Big Bend's primary songwriter is Nathan Phillips, an Ohio native. His mother–daughter of a 12-tone composer–wrote music and sang in operas and musicals in Mansfield, where Phillips grew up playing piano. Her voice is featured on Radish, Big Bend's second release and first non-instrumental recording. Throughout the album, Phillips is both vocalist and keyboardist.
From April 2016 to 2017, Phillips arranged improvised recording sessions in groups of four, with acclaimed musicians, Clarice Jensen, Laraaji and Susan Alcorn, as well as friends at the New York studio, Figure 8. The collection was eventually condensed into smaller pieces that became the source material for Radish.
Inspired by the free-form singing styles of Lonnie Holley and Van Morrison's "When Heart Is Open," Phillips wrote melodic lines while playing Arvo Pärt's Pandora station, late at night while mopping floors at the cafe he's worked at since 2014. When customers weren't around, Phillips tried out the lines, experimenting with singing outside familiar meters. The music became a backdrop for storytelling, emphasizing the voice as if it were speaking out loud, giving simple instructions or stating events. "It was the jumping-off point" that, according to Phillips, transformed into his desire to "give the feeling that you've read something as straightforward as a children's book," set to the backdrop of acoustic, sometimes synthesized sound.
The music from the cafe's station became the basis for the songwriting, "Before" stemming from Pärt's Fratres, and "Can't Get Around" from Tabula Rasa. Unfamiliar with much of Pärt's work, Phillips would guess the sequential chord coming from the speakers and "improvise lines that fit the moment, not knowing where the chord would land." Eventually when the vocal melodies gathered momentum, the previous music could be removed, and new music built up around it, later in makeshift studio arrangements; a residency in a farm town in Nebraska (crickets on "Floating"), his hometown in Ohio, as well as band rehearsal spaces in NYC. This exercise, combined with the improvised recordings of the quartets, created most of what remains on the album.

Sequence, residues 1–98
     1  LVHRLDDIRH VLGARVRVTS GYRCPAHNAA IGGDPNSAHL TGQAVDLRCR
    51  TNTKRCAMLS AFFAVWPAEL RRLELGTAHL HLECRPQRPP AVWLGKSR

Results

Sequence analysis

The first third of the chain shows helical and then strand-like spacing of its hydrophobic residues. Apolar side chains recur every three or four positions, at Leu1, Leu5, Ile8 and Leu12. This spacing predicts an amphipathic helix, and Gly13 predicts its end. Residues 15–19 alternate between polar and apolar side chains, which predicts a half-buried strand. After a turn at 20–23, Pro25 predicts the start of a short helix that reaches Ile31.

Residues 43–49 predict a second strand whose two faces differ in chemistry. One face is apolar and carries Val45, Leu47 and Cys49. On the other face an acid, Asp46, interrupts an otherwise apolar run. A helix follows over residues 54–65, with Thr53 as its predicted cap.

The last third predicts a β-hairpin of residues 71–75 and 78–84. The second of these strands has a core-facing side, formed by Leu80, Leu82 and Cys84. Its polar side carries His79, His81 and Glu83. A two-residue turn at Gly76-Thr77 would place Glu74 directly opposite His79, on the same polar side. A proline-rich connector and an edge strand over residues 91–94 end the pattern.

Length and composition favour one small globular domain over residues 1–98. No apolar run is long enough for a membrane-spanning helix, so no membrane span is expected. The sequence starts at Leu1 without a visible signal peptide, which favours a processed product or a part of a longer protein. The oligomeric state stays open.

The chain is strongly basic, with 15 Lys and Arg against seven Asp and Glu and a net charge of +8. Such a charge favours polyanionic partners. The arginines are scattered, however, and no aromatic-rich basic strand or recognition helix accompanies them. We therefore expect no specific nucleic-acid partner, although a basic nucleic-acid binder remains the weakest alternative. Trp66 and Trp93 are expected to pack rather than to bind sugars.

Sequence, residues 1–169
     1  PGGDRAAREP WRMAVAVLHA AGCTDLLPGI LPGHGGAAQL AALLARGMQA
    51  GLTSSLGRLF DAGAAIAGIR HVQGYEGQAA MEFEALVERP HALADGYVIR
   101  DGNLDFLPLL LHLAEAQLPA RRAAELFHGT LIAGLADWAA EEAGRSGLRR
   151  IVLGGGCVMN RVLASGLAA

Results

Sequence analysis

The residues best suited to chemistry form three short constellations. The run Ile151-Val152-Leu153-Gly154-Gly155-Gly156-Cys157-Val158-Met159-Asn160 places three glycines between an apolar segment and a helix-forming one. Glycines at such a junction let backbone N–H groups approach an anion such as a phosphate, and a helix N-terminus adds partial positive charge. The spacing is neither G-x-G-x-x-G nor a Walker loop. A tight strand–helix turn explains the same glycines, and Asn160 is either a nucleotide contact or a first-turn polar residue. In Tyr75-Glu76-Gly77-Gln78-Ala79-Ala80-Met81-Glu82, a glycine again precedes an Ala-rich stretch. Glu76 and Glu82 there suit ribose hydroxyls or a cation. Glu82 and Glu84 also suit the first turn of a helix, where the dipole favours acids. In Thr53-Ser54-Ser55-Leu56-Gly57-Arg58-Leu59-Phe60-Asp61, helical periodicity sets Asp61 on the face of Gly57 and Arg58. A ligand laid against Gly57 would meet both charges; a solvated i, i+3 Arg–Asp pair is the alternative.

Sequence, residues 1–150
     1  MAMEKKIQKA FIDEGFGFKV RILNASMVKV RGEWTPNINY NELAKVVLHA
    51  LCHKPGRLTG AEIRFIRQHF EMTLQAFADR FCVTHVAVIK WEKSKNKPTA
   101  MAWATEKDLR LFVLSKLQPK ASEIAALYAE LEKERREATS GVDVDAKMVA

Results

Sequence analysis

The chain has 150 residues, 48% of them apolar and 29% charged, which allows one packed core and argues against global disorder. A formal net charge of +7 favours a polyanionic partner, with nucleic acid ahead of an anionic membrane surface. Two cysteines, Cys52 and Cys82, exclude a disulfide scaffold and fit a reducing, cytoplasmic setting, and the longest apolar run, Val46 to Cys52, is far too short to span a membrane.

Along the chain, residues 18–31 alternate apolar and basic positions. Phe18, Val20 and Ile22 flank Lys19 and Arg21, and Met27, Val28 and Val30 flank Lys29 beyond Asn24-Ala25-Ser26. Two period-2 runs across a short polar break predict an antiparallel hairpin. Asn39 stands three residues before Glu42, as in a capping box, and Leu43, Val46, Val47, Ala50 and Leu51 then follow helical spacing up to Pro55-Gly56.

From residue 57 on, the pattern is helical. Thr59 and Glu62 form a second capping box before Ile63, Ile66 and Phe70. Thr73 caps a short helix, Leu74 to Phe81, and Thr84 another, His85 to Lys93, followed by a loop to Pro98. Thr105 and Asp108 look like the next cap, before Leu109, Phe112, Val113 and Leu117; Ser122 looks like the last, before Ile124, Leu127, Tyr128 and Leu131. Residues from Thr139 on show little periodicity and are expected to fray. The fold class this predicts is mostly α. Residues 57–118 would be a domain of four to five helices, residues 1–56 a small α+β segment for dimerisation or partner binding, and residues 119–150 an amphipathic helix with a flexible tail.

Radish is a literal take on spiritual phases, or a matter-of-fact documentation of large pivots in religious leaning. A personal story, it tracks the influence of environment and circumstance on individual understanding. In eight songs, it moves from familial beginnings to loss of certainty, pain and desire, aging and memory.
In addition to his solo keyboard and vocal work, Phillips has supported bands like Julianna Barwick, Qasim Naqvi, and, as a member of Youngstown's The Building, The War On Drugs.